Porsche has recently unveiled a new Panamera and this one has addressed the most criticised part of the car - it's humpback rear-end.
|2017 Porsche Panamera Turbo|
The first generation Porsche Panamera was a brilliant car in all aspects unfortunately it had a rear-end only it's designer could love. The Porsche badge usually brings street cred, but the Panamera lacked this. It was often judged by it's looks and frequently overlooked when on the road.
|2014 Porsche Panamera Turbo with that signature "Humpback rear-end"|
Dynamically the previous Panamera was sublime for a large sedan. It oozed superb performance and responsive handling. It proved this by bettering many so called sports cars' 0-100km/h sprint times and 0-400m times.
It also lapped the infamous Nurburgring Nordschleife as fast and in some cases faster than many supercars offered at the time. Further cementing it's driving dynamic credentials. And doing all this while surrounded by comfortable luxurious interior appointments.
All is going swimmingly for the Panamera until it drives past and see that rear-end. Then admiration and respect, turns to laughter and ridicule.
OK, perhaps I'm over dramatising it a little, but c'mon you have to admit that humpback rear-end could have been done a whole lot better. The Panamera looks like a bloated and stretched 911, than a svelte sports sedan. It's like the designer ran out of talent when it came to doing the rear-end. Designer's block maybe?
On the other hand the Maserati Quattroporte, and Aston Martin Rapide - the Panamera's logical competitors in the market - have both nailed the exterior styling. Seen in the flesh, both cars have a commanding presence and on the road you can't help but stare at them. Something totally lacking from the Panamera.
The Maserati has the typical Italian car style and flair. Using the same engine found in the Ferrari 458 Italia, it's practically a four door Ferrari. It has the Ferrari V8 growl and grabs your attention whenever it's near. The ladies particularly like it's look. Shame about it's reliability however.
The Rapide is an example of how to turn a gorgeous two door supercar into a four door performance saloon [from the outside at least]. The saloon is equally as beautiful as its two door sibling. From dead on front or rear view, if unfamiliar with the brand, it is difficult to distinguish the saloon from the coupe.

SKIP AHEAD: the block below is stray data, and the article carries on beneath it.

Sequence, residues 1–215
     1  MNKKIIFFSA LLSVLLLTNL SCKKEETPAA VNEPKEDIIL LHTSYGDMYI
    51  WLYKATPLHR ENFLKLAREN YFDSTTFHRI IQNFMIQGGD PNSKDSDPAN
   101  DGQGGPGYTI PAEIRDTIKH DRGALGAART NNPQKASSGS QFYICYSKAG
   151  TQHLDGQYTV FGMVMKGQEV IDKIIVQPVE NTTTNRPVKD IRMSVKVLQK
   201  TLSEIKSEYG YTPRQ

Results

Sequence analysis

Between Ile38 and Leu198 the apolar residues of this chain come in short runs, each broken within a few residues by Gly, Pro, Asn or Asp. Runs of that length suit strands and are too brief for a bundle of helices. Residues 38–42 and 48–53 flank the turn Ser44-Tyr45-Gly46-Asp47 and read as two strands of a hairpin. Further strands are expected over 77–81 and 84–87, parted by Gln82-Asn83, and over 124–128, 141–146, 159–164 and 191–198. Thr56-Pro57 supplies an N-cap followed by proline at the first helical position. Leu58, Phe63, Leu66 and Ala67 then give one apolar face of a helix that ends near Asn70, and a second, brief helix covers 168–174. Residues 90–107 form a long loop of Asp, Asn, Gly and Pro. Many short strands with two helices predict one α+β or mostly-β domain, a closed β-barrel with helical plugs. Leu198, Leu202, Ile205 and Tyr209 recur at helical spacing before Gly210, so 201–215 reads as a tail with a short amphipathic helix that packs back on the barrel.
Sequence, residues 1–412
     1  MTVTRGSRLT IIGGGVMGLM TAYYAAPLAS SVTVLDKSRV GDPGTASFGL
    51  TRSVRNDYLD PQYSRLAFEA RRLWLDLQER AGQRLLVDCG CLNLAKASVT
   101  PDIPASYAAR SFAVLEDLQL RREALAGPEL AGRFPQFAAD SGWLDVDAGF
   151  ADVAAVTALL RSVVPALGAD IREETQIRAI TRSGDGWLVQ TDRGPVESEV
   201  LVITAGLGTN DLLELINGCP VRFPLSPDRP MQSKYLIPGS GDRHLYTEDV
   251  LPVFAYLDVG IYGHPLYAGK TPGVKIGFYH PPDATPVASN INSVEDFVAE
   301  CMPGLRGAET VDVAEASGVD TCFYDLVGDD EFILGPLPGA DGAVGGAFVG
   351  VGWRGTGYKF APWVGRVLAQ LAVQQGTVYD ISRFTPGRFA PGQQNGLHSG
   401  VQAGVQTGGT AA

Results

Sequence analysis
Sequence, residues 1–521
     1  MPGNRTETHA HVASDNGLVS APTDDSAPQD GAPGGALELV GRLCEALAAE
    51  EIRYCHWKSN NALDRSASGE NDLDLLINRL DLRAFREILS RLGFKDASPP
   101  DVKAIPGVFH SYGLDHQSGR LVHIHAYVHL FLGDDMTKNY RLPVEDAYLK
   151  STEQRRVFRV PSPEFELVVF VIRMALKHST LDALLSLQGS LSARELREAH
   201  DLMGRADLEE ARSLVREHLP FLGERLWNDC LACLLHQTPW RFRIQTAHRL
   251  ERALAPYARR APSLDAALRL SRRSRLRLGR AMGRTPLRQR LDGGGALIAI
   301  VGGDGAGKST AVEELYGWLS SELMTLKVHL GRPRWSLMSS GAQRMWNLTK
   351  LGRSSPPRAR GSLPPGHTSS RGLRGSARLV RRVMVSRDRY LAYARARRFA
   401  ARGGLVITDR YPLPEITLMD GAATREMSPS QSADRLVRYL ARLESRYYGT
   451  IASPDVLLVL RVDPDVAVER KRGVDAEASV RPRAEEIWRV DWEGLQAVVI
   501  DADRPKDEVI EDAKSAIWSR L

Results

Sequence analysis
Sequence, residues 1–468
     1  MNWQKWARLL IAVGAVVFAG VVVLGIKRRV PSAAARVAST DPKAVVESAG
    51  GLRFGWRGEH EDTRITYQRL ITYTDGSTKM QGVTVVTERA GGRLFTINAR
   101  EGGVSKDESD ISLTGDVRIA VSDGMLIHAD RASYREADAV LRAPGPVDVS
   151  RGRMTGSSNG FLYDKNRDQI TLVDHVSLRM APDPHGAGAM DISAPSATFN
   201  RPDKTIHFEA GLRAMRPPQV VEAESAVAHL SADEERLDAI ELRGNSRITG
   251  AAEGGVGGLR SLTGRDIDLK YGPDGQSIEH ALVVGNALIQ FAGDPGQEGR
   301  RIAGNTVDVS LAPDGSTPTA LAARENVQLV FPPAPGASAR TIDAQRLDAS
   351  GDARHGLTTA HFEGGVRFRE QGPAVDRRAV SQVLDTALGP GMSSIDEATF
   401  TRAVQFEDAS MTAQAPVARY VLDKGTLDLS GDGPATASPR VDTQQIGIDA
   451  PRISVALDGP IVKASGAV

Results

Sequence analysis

|Aston Martin Rapide S|
|Aston Martin Rapide S|
But that gorgeous exterior comes at the expense of its rear passenger space. The two rear passenger seats offer the least room out of the three. Anyone taller than the average height adult (170-180cm) will find the accommodation uncomfortable on longer journeys. A huge sacrifice by Aston Martin to let design follow function. As pretty as it looks, the Rapide is not as an ideal sports saloon to transport four full size adults in total comfort as the Panamera or Quattroporte are. Friends don't let friends ride at the back seat of a Rapide.
|Aston Martin Rapide S|
Porsche's attempt on the first gen Panamera was a mixed bag result. Either too much Heineken was consumed during it's design phase, or the design team was trying too hard to incorporate the Porsche DNA into the design. It's a pity as the German nailed the driving dynamics and performance capabilities. It's certainly superior than its two competitors in this area. Plus being a Porsche, I'm sure it also surpassed both the Italian and Brit in the build quality and reliability departments.
Now with Porsche having just unveiled the second generation Panamera. The future is looking good. The skies are bluer, the flowers more fragrant, and food taste better.
|2017 Porsche Panamera 4S|
From the outset, it is a hellava lot better looking saloon than the first gen. Porsche knows how to design a four door 911 after all.